AUSA Leads Effort to Define America’s Global Role
The Association of the U.S. Army is spearheading an effort to shape a new American leadership identity by searching for nonpartisan consensus on basic principles guiding foreign and domestic policies.
The goal is to produce a modern U.S. version of the 1941 Atlantic Charter that defined Allied goals for World War II and for the post-war period. Initially a declaration of unity signed by President Franklin D. Roosevelt and British Prime Minister Winston Churchill before the U.S. formally entered the war, the eight-point charter was adopted by other Allied Powers, although it was never legally binding.
The new effort is led by retired Army Gen. Gordon R. Sullivan, AUSA’s president and CEO. Similarly, it seeks to produce a set of principles that are more of an aspirational guide than a binding statement of U.S. policy. It is an attempt to redefine, in broad terms, American values on both domestic and foreign policies in a way that sets a clear path for the nation.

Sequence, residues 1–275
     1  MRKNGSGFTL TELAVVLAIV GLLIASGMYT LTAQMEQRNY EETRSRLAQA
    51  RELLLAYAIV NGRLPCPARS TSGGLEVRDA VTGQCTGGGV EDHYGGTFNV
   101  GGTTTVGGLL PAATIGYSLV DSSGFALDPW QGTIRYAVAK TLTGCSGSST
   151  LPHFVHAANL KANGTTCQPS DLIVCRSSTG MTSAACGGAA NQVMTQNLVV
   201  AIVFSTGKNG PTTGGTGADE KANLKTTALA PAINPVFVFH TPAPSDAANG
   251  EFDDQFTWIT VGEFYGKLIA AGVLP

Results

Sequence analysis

“The No. 1 issue to the American people is security: their own personal security, the security of their family, and the security of their wealth,” Sullivan said.
In an election year, the intent isn’t to get political endorsements for the principles. Instead, discussions among former military and civilian leaders, foreign policy experts and academics have focused on understanding what America stands for and will not stand for—military, foreign and domestic.
The group hopes to have a rough outline of principles that can be unveiled in time to help shape debate about America’s future in the fall presidential elections.